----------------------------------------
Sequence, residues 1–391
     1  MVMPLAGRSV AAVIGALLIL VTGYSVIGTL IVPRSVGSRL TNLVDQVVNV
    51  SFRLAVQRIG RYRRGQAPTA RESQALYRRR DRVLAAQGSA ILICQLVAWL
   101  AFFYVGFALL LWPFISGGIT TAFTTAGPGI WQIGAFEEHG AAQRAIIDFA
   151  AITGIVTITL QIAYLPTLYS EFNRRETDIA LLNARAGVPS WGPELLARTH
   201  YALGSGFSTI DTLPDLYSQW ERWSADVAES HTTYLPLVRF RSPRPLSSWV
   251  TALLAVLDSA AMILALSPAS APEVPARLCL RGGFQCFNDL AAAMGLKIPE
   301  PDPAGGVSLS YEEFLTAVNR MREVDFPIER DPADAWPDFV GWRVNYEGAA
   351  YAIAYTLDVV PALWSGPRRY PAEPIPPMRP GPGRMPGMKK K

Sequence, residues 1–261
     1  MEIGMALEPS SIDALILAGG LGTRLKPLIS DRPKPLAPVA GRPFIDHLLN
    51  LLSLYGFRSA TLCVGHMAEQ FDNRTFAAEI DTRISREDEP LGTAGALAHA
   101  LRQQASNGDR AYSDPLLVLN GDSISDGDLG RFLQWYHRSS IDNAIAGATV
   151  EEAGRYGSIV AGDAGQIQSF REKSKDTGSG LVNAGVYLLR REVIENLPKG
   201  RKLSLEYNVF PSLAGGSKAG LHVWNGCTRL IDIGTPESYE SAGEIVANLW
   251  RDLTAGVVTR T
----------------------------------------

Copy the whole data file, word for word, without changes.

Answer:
Sequence, residues 1–391
     1  MVMPLAGRSV AAVIGALLIL VTGYSVIGTL IVPRSVGSRL TNLVDQVVNV
    51  SFRLAVQRIG RYRRGQAPTA RESQALYRRR DRVLAAQGSA ILICQLVAWL
   101  AFFYVGFALL LWPFISGGIT TAFTTAGPGI WQIGAFEEHG AAQRAIIDFA
   151  AITGIVTITL QIAYLPTLYS EFNRRETDIA LLNARAGVPS WGPELLARTH
   201  YALGSGFSTI DTLPDLYSQW ERWSADVAES HTTYLPLVRF RSPRPLSSWV
   251  TALLAVLDSA AMILALSPAS APEVPARLCL RGGFQCFNDL AAAMGLKIPE
   301  PDPAGGVSLS YEEFLTAVNR MREVDFPIER DPADAWPDFV GWRVNYEGAA
   351  YAIAYTLDVV PALWSGPRRY PAEPIPPMRP GPGRMPGMKK K

Sequence, residues 1–261
     1  MEIGMALEPS SIDALILAGG LGTRLKPLIS DRPKPLAPVA GRPFIDHLLN
    51  LLSLYGFRSA TLCVGHMAEQ FDNRTFAAEI DTRISREDEP LGTAGALAHA
   101  LRQQASNGDR AYSDPLLVLN GDSISDGDLG RFLQWYHRSS IDNAIAGATV
   151  EEAGRYGSIV AGDAGQIQSF REKSKDTGSG LVNAGVYLLR REVIENLPKG
   201  RKLSLEYNVF PSLAGGSKAG LHVWNGCTRL IDIGTPESYE SAGEIVANLW
   251  RDLTAGVVTR T